Enactment of a Law
Beginning A Daily Session of The Senate
| Calendar and Legislative Days |
Morning Hour and Morning Business |
| Presenting Measures |
Each day in the Senate begins as the Secretary of the Senate and
the Presiding Officer for that day escort the Chaplain of the Senate or
guest chaplain to the desk. The Chaplain is a clergyman chosen by the Senate,
whose responsibility is to offer the prayer at the opening of each daily
session, as well as to officiate at various ceremonies and respond to Senators'
Calendar and Legislative
As the Senate begins its new day, it is important to note that the
Senate recognizes two meanings for the word "day," the "calendar"
day and the "legislative" day. A calendar day is recognized as
each 24 hour period. Reference may be made to a day certain, as in a unanimous
consent request to vote on passage of a measure on August 4, 1996 (a specific,
determined, or fixed day), or a day not yet determined, as in a unanimous
consent request or rule requiring action "on either of the next two
days of actual session." The references in these cases are to calendar
days. A legislative day is the period of time following an adjournment
of the Senate until another adjournment. A recess (rather than an adjournment)
in no way affects a legislative day; therefore, one legislative day may
consume a considerable period of time--days, weeks, even months--but one
or more adjournments from one day to the next would cause the calendar
and legislative day to coincide.
As used in the Rules of the Senate, a day generally is recognized
as a legislative day unless specified as a calendar day. There is, for
example, the proviso that "no Senator shall speak more than twice
upon any one question in debate on the same legislative day..." in
Rule XIX. However, Rule V, disallowing motions "to suspend, modify
or amend any rule..., except on one day's notice in writing...," although
not specifying the type of day, is interpreted as meaning one calendar
Morning Hour and Morning
The Senate Majority Leader by unanimous consent customarily provides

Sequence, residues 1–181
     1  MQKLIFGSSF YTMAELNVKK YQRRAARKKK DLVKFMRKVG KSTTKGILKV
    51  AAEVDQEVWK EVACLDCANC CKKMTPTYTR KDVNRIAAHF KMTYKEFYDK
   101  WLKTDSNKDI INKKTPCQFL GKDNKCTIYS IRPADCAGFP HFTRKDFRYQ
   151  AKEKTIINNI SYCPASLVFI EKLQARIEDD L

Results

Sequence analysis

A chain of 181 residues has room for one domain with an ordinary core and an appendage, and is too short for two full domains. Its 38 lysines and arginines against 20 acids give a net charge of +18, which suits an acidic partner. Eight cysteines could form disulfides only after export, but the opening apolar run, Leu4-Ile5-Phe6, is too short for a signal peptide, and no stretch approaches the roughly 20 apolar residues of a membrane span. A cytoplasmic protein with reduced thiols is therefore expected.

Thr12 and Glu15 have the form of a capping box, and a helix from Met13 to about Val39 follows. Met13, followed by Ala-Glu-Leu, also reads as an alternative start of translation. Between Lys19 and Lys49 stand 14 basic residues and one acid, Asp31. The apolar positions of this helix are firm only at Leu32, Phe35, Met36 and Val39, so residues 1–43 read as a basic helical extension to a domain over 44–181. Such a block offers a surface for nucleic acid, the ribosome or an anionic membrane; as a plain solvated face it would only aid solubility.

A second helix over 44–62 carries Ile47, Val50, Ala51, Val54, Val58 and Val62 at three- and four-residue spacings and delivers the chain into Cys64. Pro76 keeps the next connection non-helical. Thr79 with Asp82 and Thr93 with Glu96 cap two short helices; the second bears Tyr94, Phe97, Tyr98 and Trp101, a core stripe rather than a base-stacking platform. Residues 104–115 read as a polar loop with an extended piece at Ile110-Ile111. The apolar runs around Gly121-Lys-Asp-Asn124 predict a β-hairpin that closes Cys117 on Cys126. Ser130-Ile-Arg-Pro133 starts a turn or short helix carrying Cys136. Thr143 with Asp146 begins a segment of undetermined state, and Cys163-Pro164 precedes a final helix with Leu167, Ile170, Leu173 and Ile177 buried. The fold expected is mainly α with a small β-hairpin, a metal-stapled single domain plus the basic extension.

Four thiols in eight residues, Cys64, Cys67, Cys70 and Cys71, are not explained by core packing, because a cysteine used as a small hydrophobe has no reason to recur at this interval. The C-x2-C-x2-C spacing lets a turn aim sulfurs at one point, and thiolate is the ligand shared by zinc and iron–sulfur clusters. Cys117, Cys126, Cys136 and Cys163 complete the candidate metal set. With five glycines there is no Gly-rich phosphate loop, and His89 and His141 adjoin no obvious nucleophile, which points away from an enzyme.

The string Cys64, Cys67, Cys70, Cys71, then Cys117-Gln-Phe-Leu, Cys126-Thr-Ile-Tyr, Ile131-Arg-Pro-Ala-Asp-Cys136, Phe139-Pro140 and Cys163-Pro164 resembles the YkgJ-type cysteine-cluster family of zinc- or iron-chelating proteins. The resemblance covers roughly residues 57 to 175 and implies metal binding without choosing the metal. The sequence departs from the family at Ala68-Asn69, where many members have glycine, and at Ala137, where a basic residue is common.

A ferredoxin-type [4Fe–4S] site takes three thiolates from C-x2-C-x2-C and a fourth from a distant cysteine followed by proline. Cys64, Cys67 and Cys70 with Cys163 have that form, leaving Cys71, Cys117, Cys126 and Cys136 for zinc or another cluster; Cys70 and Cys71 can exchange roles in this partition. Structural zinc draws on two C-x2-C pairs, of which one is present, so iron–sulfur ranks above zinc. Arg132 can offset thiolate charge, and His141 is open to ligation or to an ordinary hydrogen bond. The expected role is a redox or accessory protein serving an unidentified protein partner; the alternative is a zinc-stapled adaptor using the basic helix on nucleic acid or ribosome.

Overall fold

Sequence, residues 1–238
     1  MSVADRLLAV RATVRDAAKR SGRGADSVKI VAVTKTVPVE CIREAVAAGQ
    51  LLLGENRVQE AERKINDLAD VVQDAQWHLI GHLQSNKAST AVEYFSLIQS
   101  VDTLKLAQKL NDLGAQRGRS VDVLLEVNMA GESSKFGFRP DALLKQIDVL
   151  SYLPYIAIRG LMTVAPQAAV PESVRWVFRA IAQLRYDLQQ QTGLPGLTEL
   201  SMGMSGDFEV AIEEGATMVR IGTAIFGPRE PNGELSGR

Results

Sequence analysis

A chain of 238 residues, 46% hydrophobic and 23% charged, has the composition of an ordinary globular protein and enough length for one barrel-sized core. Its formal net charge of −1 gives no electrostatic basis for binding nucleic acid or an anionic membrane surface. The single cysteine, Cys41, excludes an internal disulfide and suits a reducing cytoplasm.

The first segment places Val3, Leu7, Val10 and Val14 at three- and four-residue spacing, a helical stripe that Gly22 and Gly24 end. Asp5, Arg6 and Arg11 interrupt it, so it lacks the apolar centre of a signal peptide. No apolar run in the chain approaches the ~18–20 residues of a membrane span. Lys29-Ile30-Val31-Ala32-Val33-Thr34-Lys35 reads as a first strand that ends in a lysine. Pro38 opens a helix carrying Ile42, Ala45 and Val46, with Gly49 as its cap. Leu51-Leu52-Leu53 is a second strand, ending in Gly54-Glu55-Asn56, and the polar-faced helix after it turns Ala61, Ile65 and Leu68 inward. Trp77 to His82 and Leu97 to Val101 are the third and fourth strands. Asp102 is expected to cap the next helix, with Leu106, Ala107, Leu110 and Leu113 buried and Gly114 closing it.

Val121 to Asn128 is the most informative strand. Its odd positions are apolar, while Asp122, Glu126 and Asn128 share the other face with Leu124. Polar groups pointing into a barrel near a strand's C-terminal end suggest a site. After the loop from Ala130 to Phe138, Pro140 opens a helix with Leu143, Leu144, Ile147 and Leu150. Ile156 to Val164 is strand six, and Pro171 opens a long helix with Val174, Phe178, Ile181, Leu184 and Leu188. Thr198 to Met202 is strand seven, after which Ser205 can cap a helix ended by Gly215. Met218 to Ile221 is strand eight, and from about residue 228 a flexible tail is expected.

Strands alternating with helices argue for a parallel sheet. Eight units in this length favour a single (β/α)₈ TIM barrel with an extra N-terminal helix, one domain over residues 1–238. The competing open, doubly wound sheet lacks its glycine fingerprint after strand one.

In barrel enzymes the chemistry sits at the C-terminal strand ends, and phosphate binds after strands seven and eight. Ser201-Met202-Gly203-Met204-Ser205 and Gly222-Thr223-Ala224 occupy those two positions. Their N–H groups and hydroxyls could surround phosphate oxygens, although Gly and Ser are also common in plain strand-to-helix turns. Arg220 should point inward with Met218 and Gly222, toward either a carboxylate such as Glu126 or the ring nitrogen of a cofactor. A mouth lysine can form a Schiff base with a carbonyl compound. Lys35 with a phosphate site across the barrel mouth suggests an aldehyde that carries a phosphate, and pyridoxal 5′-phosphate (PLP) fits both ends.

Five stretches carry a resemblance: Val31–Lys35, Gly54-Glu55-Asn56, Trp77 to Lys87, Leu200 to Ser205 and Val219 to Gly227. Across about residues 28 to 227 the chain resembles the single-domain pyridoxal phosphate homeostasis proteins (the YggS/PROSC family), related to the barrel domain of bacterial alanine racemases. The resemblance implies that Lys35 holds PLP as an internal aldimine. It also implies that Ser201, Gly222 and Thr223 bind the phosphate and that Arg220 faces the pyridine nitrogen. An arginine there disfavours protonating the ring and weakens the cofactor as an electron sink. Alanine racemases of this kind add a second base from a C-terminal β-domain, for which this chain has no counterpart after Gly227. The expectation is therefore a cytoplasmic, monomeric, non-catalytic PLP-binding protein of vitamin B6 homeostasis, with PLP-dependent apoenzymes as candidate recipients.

for a brief period of time (usually 10 minutes each) at the beginning of
each daily session for himself and the Minority Leader to be used at their
discretion for observations on current events or pending legislation, submission
and agreement of various legislative matters, etc. They may yield all or
part of their time to their Senators for sundry purposes. It is with these
orders that the day of the Senate begins.
During the morning hour of each legislative day, Rule VII of the
Senate provides that, after the Journal is read, the Presiding Officer
lay before the Senate messages, reports, and communications of various
Measures or matters are transmitted between the two Houses, as are
written messages from one House to the other pertaining to the passage
of measures or other conduct of official business requiring concurrence
or notification. The President of the United States transmits written messages
to the Congress, which are brought to the Chamber and announced to the
Senate by a messenger from the White House. Such messages are numbered
sequentially for a Congress and assigned a prefix PM. They are printed
in full in the Congressional Record. Messages from the President
may be received at any stage of Senate proceedings, except during votes
or quorum calls, while the Journal is being read, or while a question of